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Old February 6, 2019, 11:05 AM   #28
stephen426
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Quote:
Originally Posted by labnoti
Some churches like the one I meet with have security teams. I have mixed feelings about that. I think I prefer that people provide for their own security rather than depending on someone else to do it and that no one presumes to provide me security when I haven't asked them to. But there are "widows and orphans" so to speak that could use the church's help. I say that to preface the suggestion to enlist others to help provide security for the church in the event of the kind of circumstances you described, but not without considering how a security team can go wrong.
I believe that something like security, especially armed security, should be well thought out and organized. This is especially true if there are multiple people carrying. Knowing who is on the security and armed will prevent mistaken identity and the accidental shooting of an armed responder. While I believe most church shootings were outsiders, I believe it is best that the members of the armed security team not be identified to the congregation. The congregation should be made aware that there is armed security and to respond only if being shot at. People may panic and shoot at anyone holding a gun.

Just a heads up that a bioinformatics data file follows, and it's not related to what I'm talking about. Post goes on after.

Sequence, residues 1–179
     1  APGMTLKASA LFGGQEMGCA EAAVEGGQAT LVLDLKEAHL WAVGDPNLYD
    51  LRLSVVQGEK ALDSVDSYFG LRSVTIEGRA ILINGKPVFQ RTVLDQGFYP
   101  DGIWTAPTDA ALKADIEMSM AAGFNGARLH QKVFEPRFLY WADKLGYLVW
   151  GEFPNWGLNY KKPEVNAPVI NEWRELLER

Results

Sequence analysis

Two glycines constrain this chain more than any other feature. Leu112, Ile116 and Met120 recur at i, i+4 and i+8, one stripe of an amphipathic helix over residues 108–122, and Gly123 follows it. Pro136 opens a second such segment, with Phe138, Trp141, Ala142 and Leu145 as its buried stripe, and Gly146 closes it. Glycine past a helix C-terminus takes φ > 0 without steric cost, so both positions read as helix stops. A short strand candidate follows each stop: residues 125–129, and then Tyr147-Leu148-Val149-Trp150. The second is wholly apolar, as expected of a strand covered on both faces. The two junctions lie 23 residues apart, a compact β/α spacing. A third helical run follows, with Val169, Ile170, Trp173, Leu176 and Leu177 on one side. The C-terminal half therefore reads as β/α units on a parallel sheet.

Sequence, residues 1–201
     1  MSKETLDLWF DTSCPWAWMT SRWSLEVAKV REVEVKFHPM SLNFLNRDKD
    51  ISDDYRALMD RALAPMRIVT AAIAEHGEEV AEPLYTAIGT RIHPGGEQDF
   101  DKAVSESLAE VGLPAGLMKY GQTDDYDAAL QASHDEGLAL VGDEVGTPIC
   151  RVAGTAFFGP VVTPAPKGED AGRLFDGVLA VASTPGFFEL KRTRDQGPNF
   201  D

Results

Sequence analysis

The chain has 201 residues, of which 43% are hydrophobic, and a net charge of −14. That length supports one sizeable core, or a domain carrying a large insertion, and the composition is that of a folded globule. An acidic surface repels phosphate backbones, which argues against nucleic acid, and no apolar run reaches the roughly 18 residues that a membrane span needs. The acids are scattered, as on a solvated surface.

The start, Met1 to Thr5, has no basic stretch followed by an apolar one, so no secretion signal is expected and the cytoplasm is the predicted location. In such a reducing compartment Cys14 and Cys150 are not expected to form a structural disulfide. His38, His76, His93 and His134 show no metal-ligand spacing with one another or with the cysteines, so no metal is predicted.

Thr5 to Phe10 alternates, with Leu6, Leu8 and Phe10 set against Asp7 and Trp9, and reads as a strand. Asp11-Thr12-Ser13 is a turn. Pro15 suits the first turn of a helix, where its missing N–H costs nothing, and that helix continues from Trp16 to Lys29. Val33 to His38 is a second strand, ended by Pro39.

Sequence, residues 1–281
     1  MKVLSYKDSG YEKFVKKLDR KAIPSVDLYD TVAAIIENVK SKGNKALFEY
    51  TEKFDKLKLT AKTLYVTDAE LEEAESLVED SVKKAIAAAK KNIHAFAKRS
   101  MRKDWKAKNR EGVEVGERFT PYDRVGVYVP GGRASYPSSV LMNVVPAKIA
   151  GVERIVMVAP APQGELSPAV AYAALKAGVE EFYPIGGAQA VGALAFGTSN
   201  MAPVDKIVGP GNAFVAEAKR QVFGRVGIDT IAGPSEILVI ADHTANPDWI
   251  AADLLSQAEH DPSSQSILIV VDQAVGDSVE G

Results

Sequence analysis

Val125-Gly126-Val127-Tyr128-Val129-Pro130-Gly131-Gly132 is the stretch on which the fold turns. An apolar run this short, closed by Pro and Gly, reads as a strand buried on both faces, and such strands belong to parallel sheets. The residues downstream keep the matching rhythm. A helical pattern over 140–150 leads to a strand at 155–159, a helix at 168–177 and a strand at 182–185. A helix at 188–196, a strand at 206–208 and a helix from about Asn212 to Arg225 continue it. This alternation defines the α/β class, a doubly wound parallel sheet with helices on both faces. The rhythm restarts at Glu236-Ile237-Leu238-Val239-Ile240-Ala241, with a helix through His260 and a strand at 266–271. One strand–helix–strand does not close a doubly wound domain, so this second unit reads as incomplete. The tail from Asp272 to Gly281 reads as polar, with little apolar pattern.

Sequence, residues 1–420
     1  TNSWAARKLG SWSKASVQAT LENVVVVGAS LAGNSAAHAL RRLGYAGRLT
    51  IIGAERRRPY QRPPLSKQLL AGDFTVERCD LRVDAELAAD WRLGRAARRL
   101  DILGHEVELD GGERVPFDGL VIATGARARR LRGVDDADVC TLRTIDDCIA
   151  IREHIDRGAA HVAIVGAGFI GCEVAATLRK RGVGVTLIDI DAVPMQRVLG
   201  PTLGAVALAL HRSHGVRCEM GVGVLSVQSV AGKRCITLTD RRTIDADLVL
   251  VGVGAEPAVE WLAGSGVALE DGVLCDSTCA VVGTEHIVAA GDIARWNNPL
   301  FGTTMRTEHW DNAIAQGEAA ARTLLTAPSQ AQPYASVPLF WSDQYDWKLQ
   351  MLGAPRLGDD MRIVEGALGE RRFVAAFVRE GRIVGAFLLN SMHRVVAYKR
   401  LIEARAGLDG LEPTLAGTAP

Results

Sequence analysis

I think it is also important to have some training and the security team needs to be vetted to show they are safe and competent. Armed security is a huge responsibility and you don't want someone who is unsafe. Since some churches are really big, it is important to know the layout extremely well and to know what are potential places for cover or concealment.
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Old February 6, 2019, 03:55 PM   #29
labnoti
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One problem I see with non-uniformed security no matter how organized they are, is they do not have the force of law. For example, if they order someone to drop a gun, there is no legal requirement for compliance. If they point a gun at someone, they could be lawfully shot in return. If I'm mistaken about this, please explain why.